Redken Color Extend Magnetics Conditioner Ingredients Breakdown
This is the same story as with the shampoo, the sister-product of the Redken Color Extend Magnetics conditioner. These two don’t necessarily need to be in conjunction, though the company obviously recommends doing so.
As with the shampoo, this product has an initial job which it was designed to do. You should use conditioners to follow-up shampoos, and provide you hair with nourishment as well as moisture.
Again, we see some great ingredients alongside ones which are… well, less great. Conditioning agents for hair and skin, thickeners, film-formers, foam-formers, UV protectors, cleansers, and more. And there is also tea leaf extract, bamboo extract, soy protein, and SEPICAP once again, with other amino acids. There is also the fragrance/parfum ingredients, and it always -- always -- makes me wonder what they put in there. Trade secret or not, it just doesn’t sound good (even though everybody does it).
I was actually a bit disappointed with the Redken Color Extend Magnetics conditioner. I really wanted to love it, and it may do great things for colored hair. In fact, you can bet on it being good for colored hair and helping it last longer.
I just felt like the conditioner made my hair feel kind of heavy. This is something I wouldn’t expect, but that was my experience. Maybe they changed the formula, or maybe something happened on the way. Not sure, but I was not as impressed with the conditioner as I was with the shampoo. If you use them as a duo, I suppose there is no problem.
When I tried out the conditioner, it was alone without its buddy. I just wanted to feel how the conditioner was as a standalone product. I shampooed a day or two before with a different brand, so maybe this has to do with that. That said, if you have colored hair, definitely give these two products a shot. But the conditioner alone is one I could do without, at least in its current form.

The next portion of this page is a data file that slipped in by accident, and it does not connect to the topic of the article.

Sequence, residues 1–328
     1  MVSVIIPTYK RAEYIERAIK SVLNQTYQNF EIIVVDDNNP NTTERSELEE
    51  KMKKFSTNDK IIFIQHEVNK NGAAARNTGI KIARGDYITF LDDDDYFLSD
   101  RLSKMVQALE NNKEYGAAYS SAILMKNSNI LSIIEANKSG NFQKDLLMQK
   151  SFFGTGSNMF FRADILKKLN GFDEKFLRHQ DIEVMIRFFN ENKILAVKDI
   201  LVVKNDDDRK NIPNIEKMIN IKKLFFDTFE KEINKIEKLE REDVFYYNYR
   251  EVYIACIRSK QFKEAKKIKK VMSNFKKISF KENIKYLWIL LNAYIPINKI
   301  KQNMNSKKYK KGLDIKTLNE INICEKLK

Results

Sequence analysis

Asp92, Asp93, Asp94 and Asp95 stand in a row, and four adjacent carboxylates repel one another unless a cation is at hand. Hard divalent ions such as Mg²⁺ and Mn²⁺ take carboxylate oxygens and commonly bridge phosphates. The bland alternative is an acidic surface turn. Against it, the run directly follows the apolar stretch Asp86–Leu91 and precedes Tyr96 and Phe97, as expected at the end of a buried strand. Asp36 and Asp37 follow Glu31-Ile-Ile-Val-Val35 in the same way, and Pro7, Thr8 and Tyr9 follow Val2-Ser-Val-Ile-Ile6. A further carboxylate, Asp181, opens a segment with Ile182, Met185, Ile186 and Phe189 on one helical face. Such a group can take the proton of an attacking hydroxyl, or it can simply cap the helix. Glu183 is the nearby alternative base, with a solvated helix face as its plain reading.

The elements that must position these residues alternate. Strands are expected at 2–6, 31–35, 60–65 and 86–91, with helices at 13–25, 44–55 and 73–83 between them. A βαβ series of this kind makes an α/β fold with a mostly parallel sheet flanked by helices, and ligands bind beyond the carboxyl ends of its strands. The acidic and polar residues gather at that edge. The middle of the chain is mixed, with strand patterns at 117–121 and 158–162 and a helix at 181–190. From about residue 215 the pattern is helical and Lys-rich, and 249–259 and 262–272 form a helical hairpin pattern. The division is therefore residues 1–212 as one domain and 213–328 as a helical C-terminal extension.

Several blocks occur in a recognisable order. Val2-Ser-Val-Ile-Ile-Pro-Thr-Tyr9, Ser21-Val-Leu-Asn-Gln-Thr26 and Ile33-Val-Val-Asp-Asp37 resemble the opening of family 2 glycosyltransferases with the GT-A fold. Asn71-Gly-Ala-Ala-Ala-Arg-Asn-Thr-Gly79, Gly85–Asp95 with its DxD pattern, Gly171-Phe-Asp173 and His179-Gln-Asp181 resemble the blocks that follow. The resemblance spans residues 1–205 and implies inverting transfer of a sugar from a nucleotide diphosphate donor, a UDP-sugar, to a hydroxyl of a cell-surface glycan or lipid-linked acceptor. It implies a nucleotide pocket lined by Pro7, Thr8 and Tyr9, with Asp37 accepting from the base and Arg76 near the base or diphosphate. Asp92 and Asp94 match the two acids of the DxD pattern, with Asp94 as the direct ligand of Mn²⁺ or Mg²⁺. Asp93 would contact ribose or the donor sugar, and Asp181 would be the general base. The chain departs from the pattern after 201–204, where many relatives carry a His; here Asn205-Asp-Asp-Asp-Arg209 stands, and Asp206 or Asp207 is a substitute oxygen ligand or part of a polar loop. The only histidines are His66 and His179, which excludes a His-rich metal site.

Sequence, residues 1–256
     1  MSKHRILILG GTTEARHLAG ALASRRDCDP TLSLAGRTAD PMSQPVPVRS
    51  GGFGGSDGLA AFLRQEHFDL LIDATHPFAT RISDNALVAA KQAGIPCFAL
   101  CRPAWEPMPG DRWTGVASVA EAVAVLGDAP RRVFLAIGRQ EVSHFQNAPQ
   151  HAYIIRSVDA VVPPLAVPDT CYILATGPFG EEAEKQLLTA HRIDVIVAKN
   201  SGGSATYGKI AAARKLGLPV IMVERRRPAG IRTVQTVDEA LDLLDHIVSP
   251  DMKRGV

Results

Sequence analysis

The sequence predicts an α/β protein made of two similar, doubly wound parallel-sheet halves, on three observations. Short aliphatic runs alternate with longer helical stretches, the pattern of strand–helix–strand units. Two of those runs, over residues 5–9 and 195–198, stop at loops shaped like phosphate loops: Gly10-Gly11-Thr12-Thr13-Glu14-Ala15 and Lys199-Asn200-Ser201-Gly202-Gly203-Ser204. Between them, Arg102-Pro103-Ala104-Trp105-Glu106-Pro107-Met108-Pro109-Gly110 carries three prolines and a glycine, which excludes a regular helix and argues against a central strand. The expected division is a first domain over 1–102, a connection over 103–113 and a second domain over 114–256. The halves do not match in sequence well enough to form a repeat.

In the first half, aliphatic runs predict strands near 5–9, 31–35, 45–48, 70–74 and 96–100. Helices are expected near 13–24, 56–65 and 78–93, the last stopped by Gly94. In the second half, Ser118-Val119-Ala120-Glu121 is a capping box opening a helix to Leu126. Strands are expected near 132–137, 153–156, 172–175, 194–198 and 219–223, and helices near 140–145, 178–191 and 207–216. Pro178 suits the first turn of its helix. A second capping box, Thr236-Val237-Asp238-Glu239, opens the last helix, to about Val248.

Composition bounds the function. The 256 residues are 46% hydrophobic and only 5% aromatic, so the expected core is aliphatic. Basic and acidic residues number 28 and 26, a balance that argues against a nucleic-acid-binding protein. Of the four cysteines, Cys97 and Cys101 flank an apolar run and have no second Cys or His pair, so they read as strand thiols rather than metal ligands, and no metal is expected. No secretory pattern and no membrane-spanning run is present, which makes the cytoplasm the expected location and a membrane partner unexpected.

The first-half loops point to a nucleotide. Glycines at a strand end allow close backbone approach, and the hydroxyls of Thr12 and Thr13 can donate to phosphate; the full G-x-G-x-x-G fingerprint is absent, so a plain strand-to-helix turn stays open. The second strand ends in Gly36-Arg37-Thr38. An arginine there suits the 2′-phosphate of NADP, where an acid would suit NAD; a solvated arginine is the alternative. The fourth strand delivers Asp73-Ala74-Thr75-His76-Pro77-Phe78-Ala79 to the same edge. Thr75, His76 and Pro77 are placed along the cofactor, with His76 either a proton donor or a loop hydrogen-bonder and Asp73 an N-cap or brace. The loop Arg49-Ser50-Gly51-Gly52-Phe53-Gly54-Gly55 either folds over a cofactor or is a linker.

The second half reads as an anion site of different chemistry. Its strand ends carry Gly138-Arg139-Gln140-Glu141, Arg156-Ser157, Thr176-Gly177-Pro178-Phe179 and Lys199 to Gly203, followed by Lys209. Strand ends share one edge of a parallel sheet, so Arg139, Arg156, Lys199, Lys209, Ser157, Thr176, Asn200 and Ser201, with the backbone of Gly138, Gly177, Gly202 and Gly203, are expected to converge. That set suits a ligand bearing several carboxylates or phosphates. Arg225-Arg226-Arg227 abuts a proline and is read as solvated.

Also, let’s not forget that the individual’s scalp and hair type plays a role, especially when conditioning, as opposed to shampooing.
Redken are a great company overall, and I enjoy using their products whenever I do. There were times when I was not too impressed with their stuff, but I have grown to really like some of their products.
This company is almost 60 years old, and it has been such a driving force in the hair care industry. You don’t get to such high places, without doing one or two things right. Redken know their customers, and they are able to provide them with value and real substance. Also, their prices are usually not outrageous (albeit not the cheapest either).
Speaking of price, beware of fakers and counterfeit products. Redken has their hands full trying to combat the epidemic of product diversion, and even though they say that imitation is the highest form of flattery… I don’t suppose Redken are taking the counterfeiter’s attempts at ripping them off as a compliment of any kind. Certainly not their legal department!
Whether you have full-on color or some highlights, taking care of your color-treated hair is important. You paid good money to undergo the process, be it amateur or pro, and you should get your money’s worth by having the color last as long as possible, without compromising the overall health of your scalp and hair. This is precisely what Redken set out to do with their Color Extend Magnetics shampoo and conditioner, and I feel they have achieved it.